34 E Germantown Pike,

Norristown, PA 19401

Mon-Sat 7:00am-7:00pm

Sunday 10:00am-6:00pm

Mon-Sat 7:00am-7:00pm

Sunday 10:00am-6:00pm

34 E Germantown Pike,

Norristown, PA 19401

Plumbing Odors? Approaches To Help Remove Them

Exactly how to Recognize and Remove a Sewage System Gas Smell in Your Home

A sewage system smell in a kitchen area, laundry or bath room area can indicate a more major issue than clogged plumbing. It might have come from the drain and sewer itself, requiring fast action.


The issue most likely is a dried-out P-trap, and the cure could be as simple as switching on the faucet. If the issue is a damaged vent pipeline, you may need to get professional aid to solve it.


Sewer line odors that are out of the usual needs to not be overlooked. Discovering the source of the scents, however, can be tough– most of us assume it’s the toilet, but issues can conceal in much of your house’s water supply, washing and including the shower appliance.

Sources of Sewer Smell

A smell of sewage in your house? Your very first inclination is most likely to check the toilet— it seems the most logical source of the issue.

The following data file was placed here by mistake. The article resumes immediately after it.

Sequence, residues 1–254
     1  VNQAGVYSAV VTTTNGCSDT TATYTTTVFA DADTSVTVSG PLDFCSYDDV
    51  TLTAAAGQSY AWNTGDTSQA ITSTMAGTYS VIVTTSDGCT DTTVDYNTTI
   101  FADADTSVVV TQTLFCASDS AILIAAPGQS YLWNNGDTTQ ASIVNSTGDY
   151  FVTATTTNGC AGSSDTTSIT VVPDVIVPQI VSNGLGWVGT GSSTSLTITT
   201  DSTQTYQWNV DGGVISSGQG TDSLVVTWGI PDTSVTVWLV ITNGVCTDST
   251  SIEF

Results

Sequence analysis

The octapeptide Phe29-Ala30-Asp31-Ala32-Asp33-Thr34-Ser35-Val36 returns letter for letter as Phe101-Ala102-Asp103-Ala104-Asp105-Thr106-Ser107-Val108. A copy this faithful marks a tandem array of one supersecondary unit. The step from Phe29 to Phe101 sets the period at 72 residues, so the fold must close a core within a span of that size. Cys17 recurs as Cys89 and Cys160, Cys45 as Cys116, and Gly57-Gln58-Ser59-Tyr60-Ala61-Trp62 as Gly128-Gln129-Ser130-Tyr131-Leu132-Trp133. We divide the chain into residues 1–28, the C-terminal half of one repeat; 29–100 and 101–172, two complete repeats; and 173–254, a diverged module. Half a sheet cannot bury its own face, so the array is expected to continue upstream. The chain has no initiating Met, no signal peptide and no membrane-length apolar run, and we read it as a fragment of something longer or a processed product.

However, odors might continue even after you‘ve completely cleaned your toilet and restroom, and air fresheners and fans aren’t typically enough to get rid of them. When nothing you try removes the odor, you are most likely handling a more major issue.


Examine the following locations of your house and note whether the sewage odor becomes stronger in some locations– your nose will be your very first clue in finding the reason for the sewage odor.


This guide has been put together to help you in identifying the source of a sewage smell in your house.

As soon as you‘ve determined the source of the smell, we’ll stroll you through some troubleshooting actions to try to resolve the issue; but, a sewage issue can in some cases only be fixed by an expert.

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Odors From Your Shower Drain

Among the most popular reasons for a sewage odor is not the toilet— if you smell a foul sewer smell in your bath room, examine the drain in your shower. A stinky shower drain is usually triggered by one of two things: biofilm accumulation or an issue with your P-trap.

1. Biofilm Build-up